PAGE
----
Dogs help children’s allergies

Dogs prevent children getting allergies, a new study has revealed. Children living with a dog in the house are less sensitive to allergens in the early years, according to the study.

Scientists for the European Respiratory Journal conclude that growing up with a dog in the house is thought to train the immune system, making children less sensitive to asthma, eczema and hay fever.

The German study, which lasted six years and involved 9,000 children, comes after the chief vet’s recent warning that dogs should be banned from the bedroom because of the bacteria they carry.

Joachim Heinrich of the National Research Centre for Environmental Health in Munich, said: ‘Our results show clearly that the presence of a dog in the home during subjects’ infancy is associated with a significantly low level of sensitisation to pollens and inhaled allergens.’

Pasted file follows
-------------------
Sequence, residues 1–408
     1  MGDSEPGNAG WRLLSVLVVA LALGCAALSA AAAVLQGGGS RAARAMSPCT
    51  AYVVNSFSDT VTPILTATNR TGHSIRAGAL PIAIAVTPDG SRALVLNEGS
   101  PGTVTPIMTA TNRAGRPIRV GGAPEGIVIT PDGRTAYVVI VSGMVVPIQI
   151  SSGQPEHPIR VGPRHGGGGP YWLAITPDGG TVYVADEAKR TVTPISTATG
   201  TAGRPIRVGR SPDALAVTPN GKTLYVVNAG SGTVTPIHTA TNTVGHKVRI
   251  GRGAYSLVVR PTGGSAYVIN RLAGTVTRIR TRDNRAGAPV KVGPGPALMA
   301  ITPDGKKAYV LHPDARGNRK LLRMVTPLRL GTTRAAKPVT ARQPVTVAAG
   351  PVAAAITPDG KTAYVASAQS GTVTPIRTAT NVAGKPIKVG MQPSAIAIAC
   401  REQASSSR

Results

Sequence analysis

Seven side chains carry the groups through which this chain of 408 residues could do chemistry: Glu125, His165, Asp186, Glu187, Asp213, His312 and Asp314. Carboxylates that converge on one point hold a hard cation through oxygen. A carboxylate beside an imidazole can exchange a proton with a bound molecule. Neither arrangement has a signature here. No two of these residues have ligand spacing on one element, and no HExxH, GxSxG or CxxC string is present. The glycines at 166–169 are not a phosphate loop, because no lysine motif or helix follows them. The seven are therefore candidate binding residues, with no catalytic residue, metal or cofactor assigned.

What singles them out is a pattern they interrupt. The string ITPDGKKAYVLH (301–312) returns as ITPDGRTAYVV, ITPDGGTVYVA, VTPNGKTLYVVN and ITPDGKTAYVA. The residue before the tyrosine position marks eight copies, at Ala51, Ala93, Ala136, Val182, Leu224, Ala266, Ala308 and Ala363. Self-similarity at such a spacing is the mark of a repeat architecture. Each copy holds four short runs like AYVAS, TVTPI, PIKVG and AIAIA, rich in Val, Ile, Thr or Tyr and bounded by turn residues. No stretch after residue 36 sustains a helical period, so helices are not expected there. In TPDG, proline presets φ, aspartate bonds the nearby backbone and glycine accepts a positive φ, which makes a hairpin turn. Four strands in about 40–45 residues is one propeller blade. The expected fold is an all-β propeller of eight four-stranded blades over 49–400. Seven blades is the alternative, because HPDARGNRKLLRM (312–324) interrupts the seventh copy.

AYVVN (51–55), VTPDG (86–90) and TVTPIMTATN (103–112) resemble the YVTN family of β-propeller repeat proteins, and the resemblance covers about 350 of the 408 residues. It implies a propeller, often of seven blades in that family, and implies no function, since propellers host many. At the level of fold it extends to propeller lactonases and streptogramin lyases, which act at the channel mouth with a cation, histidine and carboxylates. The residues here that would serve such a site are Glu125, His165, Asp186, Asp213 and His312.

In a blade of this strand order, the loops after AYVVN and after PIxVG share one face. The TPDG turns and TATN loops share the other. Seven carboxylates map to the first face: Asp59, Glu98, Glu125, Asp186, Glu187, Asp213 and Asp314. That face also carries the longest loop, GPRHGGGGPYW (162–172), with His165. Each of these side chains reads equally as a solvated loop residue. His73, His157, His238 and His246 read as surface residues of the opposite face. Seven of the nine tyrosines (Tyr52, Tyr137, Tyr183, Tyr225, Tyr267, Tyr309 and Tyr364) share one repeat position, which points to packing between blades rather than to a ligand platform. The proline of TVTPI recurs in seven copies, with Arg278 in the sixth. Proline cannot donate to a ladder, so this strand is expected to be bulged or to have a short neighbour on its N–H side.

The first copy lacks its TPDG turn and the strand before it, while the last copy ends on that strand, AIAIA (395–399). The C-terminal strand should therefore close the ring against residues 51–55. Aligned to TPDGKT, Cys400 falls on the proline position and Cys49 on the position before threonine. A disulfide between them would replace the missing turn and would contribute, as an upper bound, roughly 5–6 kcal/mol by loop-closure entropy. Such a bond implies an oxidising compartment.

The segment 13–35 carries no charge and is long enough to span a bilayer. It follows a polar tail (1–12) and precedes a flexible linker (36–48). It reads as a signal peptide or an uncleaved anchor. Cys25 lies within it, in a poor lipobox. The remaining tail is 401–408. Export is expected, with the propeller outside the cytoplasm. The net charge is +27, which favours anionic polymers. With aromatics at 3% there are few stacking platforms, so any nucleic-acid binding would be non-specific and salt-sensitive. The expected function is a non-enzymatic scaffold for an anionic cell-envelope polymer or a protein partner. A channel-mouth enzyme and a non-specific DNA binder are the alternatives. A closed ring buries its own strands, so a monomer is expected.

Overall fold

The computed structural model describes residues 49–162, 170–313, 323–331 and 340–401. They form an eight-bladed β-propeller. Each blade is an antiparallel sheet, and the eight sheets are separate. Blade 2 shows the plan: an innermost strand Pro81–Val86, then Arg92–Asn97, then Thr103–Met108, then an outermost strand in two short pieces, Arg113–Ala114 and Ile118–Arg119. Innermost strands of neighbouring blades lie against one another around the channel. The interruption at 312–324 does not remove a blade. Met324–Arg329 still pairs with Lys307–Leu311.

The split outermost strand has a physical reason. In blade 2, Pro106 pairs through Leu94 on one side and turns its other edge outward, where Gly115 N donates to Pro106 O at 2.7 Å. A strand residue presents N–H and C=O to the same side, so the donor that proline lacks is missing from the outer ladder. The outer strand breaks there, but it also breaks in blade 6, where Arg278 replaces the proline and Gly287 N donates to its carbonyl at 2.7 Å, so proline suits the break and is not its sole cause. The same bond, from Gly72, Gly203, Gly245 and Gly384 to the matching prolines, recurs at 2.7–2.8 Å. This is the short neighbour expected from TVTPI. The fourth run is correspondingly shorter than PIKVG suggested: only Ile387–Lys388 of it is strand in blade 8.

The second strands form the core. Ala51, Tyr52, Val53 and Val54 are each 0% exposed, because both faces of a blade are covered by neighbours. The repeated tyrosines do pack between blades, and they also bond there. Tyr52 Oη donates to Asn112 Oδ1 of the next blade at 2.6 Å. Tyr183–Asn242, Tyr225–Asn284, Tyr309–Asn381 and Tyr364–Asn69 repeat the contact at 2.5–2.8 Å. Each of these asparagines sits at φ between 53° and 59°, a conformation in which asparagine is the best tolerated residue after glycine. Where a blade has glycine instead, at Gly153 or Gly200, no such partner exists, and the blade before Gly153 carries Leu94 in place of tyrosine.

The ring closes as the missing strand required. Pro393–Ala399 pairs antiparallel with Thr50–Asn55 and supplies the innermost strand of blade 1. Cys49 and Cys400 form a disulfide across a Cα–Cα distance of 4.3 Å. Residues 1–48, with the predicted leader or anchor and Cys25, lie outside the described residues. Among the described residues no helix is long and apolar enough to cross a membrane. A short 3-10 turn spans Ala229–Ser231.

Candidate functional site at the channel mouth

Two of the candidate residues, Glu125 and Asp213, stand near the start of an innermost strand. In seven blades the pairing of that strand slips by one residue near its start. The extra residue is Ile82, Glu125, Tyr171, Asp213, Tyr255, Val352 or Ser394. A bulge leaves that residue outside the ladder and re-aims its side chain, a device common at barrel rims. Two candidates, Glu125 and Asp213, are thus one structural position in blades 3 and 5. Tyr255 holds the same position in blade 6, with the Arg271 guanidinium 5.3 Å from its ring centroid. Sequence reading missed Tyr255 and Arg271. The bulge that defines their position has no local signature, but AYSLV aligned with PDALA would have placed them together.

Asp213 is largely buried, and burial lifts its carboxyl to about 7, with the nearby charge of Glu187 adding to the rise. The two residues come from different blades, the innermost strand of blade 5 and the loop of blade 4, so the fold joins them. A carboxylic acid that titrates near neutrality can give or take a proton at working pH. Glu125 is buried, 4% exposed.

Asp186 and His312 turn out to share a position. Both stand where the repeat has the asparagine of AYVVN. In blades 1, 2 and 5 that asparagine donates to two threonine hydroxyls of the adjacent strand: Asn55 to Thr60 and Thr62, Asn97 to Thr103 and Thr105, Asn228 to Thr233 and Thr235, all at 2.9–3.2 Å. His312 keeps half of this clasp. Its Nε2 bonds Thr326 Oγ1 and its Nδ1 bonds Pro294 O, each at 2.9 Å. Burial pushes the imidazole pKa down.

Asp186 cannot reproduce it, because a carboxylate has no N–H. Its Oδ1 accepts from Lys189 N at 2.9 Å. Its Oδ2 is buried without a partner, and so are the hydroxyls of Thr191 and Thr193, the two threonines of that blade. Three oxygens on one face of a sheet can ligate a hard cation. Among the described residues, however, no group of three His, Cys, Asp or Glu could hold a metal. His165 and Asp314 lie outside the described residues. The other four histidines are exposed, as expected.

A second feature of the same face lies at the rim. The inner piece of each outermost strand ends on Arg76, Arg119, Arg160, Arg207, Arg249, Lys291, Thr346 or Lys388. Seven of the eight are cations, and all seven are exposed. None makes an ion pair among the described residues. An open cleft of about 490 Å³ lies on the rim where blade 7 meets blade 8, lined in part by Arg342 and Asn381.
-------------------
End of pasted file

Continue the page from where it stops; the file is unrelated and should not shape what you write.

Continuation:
Children were tested from birth to the age of six, and were not asked to remember anything, which is said to make for fairer results.

Professor Heinrich said however, that although children raised in households with dogs had blood that indicated that they were less likely to develop allergies, in real life they were actually no less likely to develop allergies than a child in a household without a dog.

‘It is not crystal clear why this is so,’ said Professor Heinrich, adding that it may be in later life that the actual benefits materialise.

The study did say, however, that early exposure to dogs mean that children are likely to be less sensitive to allergens in the early years.

See Country Life tomorrow for a special feature on Labradors.

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